Also, I'm trying to figure out some additional sterilization system, not that I think that our waste needs anything besides proper composting, but to keep family members and visitors from freaking out. I'm considering using a solar oven that is used only for waste sterilization; or cooking it in a large pot over small fire, and making sure it gets to about 212 degrees before composting it...

    I also plan to put our doggy solids and our cat litter-box wastes into our compost pile, and I plan to "cook" it also...

    There's not a cheap or free source of sawdust for us to use, so we'll have to try using woodchips, and/or dirt, or chopped straw, or chopped dead leaves...or whatever is available and in season...

    I agree with LittleJohn, the Humanure book contains a lot of fluff, and I thought his comments on religion and politics were innappropriate in a book claiming to be on a practical subject...but I'm guessing he couldn't find a publisher who would publish a book of 50 pages or less..
     
  9. Rowdy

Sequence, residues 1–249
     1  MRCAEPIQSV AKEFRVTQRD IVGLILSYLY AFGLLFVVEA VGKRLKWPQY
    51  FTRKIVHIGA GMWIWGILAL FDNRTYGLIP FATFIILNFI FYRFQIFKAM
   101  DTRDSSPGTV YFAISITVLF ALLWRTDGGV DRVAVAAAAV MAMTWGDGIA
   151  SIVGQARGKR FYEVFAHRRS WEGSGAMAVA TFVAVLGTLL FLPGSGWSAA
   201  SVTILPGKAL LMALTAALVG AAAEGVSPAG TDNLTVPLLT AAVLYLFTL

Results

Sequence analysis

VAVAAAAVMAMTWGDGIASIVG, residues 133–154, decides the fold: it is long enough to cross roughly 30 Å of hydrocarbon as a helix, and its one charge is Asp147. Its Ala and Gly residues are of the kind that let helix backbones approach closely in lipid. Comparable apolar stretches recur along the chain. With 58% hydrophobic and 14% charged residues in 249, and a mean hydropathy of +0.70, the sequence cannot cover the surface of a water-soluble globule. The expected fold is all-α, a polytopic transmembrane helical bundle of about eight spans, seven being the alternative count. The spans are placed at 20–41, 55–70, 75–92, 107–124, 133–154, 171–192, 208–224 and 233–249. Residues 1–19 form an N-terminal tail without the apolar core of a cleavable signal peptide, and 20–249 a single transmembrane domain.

Rowdy Well-Known Member

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    I have been using the three bucket system for a few months now It has been working great for me, no odors. One bucket is for the waste, and two buckets of cover. One bucket of cover stands ready by the toilet bucket, the second bucket is covered outside, just in case... :eek:

    Sawdust is a problem for me too. In a pinch I have used kiln dried wood shavings, but the humanure book suggests against it, and it does seem to be breaking down slower than the leaves. I usually use ground up leaves since they are free, or even just soil a couple of times. If you use kiln dried woodshavings, or sawdust keep the pile moist outside, so it will break down faster, and absorb odors better. In fact, it seems every media I have used aborbs odors better if they are a bit on the damp side... not soaking wet, but not bone dry. The only time I've had any problems with odors was once when I had to really..... go, and my bucket of cover stuff was empty. I quickly collected a bucket of the dry sand that is considered dirt around here. It worked, but it did actually smell some, which the other stuff did not. Now I have two buckets for cover media.